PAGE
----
Getting the best from Lithium Ion batteries

what to do and what not to do

Lithium Ion (Li-ion) rechargeable batteries are all around us – in mobile phones, tablets, PCs and a host of other portable electronic devices. To get the best from them demands a basic understanding of their characteristics, and how they should be stored and charged.

 

Li-ion Characteristics

Lithium-ion batteries have been popular since the 1990s, when their superior properties ousted NiCad as the battery of choice. NiCad had problems with memory; the batteries needed to be primed before use and had to be fully discharged in each cycle to ensure maintain good capacity and lifetime. NiCad also suffered from self-discharge if left for long periods of time. Li-ion fixed these issues and, along with these advantages, brought higher energy density and higher voltage; 3.6V per cell compared to 1.2V for NiCad. The combination of higher energy density and high voltage means the batteries could be much more compact; single Li-ion cells could be used where NiCad previously needed 3 cells to make up the same voltage. This made them very popular and they are still the number one choice for handheld and portable devices today.

 

Storing Li-ion Batteries

Correct storage of Li-ion batteries helps to maximise the batteries’ lifetime to the expected two to three years and maintain full capacity.

While the batteries are safe to be stored for a short time between -20°C and +60°C, for long term storage, -20°C to +25°C is recommended. However, the optimum storage temperature is +15°C; commercial storage of Li-ion batteries therefore requires a controlled temperature environment.

Contrasting with lead-acid batteries (which are stored fully charged), and NiCad batteries (which can be stored fully discharged), Li-ion batteries should be stored partially charged to maintain their capacity. The optimum charge level for storage is 40% in order to minimise ageing, which can result in reduced capacity. Although self-discharge is relatively low, if the batteries are stored for very long periods of time (many months), they will need to be periodically checked and topped up to 40% if required.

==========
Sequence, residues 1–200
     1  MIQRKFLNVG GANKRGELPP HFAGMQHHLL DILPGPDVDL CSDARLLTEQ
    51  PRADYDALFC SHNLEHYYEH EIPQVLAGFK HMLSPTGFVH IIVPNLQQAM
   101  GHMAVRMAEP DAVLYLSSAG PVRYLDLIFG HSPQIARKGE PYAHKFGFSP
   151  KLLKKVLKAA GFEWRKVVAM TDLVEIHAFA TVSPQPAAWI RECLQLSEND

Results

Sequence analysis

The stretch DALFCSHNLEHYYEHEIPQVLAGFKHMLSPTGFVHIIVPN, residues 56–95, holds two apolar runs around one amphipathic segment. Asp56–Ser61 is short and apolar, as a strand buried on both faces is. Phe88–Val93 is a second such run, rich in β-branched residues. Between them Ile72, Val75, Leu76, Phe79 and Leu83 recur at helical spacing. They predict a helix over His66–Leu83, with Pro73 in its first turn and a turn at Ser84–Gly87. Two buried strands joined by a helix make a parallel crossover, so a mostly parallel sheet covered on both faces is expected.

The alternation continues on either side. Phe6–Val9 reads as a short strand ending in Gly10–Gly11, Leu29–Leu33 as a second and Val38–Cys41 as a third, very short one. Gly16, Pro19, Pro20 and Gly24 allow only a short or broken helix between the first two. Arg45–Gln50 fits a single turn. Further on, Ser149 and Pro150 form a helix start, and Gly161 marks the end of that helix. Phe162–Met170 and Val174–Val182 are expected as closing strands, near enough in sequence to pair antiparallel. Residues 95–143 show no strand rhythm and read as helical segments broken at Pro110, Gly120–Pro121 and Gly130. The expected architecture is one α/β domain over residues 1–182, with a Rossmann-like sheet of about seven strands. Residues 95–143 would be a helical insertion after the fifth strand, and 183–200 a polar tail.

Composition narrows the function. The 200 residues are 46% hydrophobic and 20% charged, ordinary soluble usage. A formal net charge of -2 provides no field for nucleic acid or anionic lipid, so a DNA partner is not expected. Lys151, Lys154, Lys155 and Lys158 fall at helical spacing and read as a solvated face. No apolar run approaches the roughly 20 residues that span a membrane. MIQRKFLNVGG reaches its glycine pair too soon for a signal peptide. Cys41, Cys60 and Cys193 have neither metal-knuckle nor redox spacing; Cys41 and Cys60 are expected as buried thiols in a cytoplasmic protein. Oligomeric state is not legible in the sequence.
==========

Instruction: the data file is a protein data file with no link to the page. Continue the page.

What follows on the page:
The cell voltage during storage should stay between 2.0 and 4.1V. If the voltage drops below 2.0V, copper shunts can form inside the batteries which can speed up self-discharge or cause shorts; subsequent charging of a battery in this state could be dangerous. Li-ion batteries which have dipped below 2.0V for more than a week should be disposed of.

 

Charging Li-ion Batteries

Li-ion batteries have very specific requirements when it comes to charging. Done improperly, charging can lead to overheating, which can lead to explosion or fire, so charging properly is of paramount importance for safety reasons. Using a battery charger specifically designed for Li-ion batteries is essential.

The Li-ion charge cycle is different to how other batteries need to be charged. The most effective, safe charging scheme is called constant current/constant voltage (CC/CV). In the first charging stage, a constant current is applied until a maximum voltage is reached, then in the second stage, enough current is supplied to maintain that voltage. This ensures the battery is not overcharged and will not overheat. In the first stage, the ideal charging current is equal to the amount of current the battery can supply for one hour (ie, for the 2200mAh Enix Li-ion battery pictured below, that would be 2.2A), but do check the manufacturers’ data sheets for confirmation.

Maximum charge voltage for Li-ion batteries is usually 4.2V (you can see the max charge voltage on this Ansmann Li-ion battery pack).

 

When the battery is fully charged, a top-up cycle begins, which maintains the battery to within 1% of full. Overcharging by more than this can damage the battery, while letting the battery charge fall too low before topping up can reduce the battery’s capacity.

Some battery packs may include protection circuitry to guard against charger failure that could lead to improper charging. This Li-ion battery pack from LG contains a protection device which limits the battery voltage to between 4.35V and 2.7V for each cell, for safety. It also limits battery current to 6.7A (+/- 1A). This circuit is not to be used as a form of charge control, merely a safety measure.

 

 

RS stocks Li-ion battery packs from Ansmann, Enix and LG, amongst others, and stores them in the proper environment to ensure long life and capacity.